Years ago, Emperor Hung Vuong had many sons. Some pursued literary careers.
Others excelled in martial arts. However, the youngest prince,
named Tiet Lieu, loved neither. Instead, he and his wife and
their children loved the countryside, where they lived and farmed
At the end
of one year, Emperor Hung Vuong met with all his sons and announced
that whomever among the princes that brought him the most special
and unusual food would inherit the throne.
In response to the emperorís wish, some princes went to the mountains.
With the help of the local people, they searched for very rare
fruits and special grain foods.
sailed out to the open sea, trying to catch fish, lobsters and
other much-loved seafoods. With these special food sources, they
planned to cook tasty dishes to please the emperor.
went to the jungle to hunt. They set traps to catch birds and
other wild animals.†These meats were taken home to be prepared
into the most palatable dishes.
In his search,
prince Tiet Lieu went back to the countryside. He saw that the
rice in his paddies was ripe and ready to be harvested. Walking
by a fertile rice field, he picked some golden grains on a long
stalk and smelled their delicate aroma.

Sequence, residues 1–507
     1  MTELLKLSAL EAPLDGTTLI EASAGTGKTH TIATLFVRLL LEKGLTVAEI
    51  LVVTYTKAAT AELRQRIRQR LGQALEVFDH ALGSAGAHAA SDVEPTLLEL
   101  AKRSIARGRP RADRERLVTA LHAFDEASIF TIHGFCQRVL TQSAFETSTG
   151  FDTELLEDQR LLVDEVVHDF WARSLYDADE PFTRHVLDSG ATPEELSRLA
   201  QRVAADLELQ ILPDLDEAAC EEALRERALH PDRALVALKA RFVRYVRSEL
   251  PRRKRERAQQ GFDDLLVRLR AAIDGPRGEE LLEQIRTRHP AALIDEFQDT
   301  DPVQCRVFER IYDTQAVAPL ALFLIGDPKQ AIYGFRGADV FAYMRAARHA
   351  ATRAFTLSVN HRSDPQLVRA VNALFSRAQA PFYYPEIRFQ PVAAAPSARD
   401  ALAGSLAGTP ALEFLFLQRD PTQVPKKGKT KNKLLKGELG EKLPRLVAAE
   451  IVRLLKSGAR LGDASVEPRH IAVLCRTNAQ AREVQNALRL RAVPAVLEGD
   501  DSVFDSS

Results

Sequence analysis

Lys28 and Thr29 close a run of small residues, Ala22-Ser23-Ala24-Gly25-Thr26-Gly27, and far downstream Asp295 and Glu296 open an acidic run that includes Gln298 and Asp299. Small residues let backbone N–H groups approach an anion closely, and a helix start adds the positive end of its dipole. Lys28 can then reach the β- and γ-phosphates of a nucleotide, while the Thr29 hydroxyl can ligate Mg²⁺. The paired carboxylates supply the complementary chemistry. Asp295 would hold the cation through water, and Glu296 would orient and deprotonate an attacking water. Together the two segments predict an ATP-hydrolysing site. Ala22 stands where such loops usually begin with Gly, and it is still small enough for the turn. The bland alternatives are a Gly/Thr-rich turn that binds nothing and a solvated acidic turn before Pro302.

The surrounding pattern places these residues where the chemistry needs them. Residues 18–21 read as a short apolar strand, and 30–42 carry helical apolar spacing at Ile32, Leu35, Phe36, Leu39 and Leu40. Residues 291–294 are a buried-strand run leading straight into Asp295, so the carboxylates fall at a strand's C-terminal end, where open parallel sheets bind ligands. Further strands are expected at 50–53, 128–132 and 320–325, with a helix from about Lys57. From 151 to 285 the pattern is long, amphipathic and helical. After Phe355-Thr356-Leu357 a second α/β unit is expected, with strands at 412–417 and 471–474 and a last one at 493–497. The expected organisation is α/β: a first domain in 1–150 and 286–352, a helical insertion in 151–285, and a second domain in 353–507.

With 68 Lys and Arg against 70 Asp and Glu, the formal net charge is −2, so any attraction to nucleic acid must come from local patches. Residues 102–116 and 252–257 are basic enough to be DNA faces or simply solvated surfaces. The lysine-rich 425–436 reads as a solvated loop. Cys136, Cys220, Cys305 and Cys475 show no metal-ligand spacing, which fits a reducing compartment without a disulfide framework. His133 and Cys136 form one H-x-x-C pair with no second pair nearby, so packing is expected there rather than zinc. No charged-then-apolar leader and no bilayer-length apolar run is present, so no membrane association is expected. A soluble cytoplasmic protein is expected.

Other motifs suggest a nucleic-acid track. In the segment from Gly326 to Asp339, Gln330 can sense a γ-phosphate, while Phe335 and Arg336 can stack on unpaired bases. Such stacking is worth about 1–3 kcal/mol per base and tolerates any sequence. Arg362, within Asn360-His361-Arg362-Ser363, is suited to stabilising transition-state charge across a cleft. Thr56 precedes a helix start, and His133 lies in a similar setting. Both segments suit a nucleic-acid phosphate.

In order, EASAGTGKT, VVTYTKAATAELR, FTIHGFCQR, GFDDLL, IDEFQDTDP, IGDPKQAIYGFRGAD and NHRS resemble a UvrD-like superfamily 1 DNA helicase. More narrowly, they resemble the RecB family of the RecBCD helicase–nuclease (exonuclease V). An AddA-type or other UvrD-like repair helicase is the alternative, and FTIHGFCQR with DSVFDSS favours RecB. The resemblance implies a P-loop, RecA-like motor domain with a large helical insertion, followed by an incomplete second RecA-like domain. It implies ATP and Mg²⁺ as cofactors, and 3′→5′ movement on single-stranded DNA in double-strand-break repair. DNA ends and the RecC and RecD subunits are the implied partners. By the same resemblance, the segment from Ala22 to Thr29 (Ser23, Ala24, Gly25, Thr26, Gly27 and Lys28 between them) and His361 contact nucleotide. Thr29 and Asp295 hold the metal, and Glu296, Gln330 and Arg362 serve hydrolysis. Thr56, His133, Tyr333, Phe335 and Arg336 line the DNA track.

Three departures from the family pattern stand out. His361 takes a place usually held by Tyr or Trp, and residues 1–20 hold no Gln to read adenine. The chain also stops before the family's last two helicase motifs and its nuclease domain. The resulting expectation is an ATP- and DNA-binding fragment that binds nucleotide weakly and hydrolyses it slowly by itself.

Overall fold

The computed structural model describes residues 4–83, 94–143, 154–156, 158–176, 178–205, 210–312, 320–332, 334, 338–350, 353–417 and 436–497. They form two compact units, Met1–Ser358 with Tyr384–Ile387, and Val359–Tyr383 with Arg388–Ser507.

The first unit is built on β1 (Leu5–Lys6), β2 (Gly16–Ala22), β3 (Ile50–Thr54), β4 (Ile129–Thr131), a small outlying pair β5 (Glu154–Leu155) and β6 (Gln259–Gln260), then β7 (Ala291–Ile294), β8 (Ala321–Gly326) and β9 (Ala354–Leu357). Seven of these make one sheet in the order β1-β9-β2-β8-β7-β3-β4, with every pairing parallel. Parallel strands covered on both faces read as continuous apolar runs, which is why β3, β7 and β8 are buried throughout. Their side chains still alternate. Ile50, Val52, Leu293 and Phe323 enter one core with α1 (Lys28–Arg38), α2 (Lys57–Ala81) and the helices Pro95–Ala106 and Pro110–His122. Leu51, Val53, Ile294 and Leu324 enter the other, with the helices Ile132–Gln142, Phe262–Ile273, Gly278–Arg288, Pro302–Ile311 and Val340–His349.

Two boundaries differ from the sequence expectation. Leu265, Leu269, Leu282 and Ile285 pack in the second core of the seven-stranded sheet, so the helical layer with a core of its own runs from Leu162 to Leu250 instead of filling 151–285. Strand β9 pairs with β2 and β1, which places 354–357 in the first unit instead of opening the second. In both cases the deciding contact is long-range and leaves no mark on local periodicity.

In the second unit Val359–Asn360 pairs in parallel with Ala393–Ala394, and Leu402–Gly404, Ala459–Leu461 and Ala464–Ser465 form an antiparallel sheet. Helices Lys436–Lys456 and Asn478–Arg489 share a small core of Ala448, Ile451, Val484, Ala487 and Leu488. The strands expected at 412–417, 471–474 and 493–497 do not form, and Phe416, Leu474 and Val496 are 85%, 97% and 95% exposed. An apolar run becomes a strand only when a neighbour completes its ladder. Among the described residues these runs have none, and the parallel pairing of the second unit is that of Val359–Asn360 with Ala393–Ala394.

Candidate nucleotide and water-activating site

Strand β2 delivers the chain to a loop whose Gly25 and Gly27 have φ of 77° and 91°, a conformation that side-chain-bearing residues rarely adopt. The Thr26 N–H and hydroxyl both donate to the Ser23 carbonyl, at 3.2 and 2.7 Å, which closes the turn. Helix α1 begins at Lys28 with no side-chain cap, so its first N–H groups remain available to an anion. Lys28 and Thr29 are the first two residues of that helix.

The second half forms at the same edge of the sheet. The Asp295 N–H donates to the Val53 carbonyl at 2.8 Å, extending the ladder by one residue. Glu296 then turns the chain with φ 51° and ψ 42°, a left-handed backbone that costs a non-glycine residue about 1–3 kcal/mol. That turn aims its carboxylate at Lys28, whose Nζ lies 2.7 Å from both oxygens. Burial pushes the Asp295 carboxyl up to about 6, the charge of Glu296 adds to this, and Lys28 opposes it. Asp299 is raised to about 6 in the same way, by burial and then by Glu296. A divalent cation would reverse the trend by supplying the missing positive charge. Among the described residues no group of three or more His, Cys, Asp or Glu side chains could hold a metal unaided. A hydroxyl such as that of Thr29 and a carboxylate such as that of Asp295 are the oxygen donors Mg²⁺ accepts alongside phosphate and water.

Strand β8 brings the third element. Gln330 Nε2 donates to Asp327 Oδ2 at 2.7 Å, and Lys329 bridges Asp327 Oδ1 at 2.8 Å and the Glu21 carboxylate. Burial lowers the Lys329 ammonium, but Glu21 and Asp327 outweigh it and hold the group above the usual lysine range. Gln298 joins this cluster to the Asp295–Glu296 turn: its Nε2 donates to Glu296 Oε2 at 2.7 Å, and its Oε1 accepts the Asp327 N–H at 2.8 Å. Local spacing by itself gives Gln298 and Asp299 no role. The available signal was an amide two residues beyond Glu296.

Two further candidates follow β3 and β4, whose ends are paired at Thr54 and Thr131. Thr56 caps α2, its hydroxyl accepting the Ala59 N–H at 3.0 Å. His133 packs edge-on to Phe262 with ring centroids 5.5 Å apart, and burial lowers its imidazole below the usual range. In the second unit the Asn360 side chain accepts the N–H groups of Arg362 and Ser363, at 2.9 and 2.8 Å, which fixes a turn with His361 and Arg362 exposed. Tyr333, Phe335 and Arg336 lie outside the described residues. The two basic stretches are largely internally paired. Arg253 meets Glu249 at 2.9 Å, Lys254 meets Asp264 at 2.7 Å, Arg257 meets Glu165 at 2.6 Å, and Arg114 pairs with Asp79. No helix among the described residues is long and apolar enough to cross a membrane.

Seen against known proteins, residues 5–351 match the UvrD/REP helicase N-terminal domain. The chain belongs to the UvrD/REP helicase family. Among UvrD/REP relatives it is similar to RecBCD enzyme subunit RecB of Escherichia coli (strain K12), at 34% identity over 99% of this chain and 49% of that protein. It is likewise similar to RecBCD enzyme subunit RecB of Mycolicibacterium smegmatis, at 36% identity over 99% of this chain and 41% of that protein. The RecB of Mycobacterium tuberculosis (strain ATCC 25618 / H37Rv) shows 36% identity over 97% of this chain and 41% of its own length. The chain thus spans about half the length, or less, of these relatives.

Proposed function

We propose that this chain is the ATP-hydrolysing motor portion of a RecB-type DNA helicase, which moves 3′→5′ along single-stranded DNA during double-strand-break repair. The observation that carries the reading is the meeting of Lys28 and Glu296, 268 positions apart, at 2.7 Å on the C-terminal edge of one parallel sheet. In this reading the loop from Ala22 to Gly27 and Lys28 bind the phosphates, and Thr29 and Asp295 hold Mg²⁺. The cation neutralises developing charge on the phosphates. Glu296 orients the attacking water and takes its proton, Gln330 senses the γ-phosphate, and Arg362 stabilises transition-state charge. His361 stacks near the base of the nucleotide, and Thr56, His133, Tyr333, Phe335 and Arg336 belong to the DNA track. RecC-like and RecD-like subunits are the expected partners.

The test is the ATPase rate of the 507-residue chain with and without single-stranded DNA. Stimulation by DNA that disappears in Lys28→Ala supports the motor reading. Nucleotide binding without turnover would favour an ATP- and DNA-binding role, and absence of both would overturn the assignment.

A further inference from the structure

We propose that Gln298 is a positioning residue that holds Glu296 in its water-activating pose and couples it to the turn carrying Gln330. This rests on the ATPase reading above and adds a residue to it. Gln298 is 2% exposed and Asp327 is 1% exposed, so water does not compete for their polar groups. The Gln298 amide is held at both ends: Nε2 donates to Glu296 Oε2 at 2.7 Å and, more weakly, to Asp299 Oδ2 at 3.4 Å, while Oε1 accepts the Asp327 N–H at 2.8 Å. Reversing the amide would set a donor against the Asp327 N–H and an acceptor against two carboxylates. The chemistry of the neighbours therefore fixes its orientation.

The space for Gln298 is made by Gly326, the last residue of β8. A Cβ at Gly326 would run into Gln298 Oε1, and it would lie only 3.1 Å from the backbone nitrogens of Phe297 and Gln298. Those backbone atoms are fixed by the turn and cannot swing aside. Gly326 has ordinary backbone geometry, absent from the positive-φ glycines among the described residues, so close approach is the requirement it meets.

went home with the rice stalk and told his wife that since they
were farmers living off the land, they should not look anywhere
else for the gifts. He said the use of the rice which they had
grown with their own hands would add more meaning to the gifts,
and so they used it to make special cakes for the emperor.
On the first
day of Spring, the princes took the gifts of their labor and
love to the emperor. All the foods were delicately and beautifully
was Tiet Lieuís turn to present his gifts, he offered two
kinds of cakes. The round cake was called "Banh Day,"
made with fine flour from ground rice grains and mixed with water
into a soft glutinous paste. The square-shaped cake was called
"Banh Chung," made with rice and mung beans, and wrapped
in green banana leaves. Both were cooked thoroughly.
Lieuís simple offerings, other princes sneered at them.
But after tasting all the foods, emperor Hung Vuong decided that
the prize should be awarded to Tiet Lieu.
explained that his youngest sonís gifts were not only the
purest, but also the most meaningful because Tiet Lieu had used
mainly rice, which was the basic food source of the people. "Banh
Day" symbolized heaven, and "Banh Chung" symbolized
the earth. As a result,
Prince Tiet Lieu was crowned the new emperor.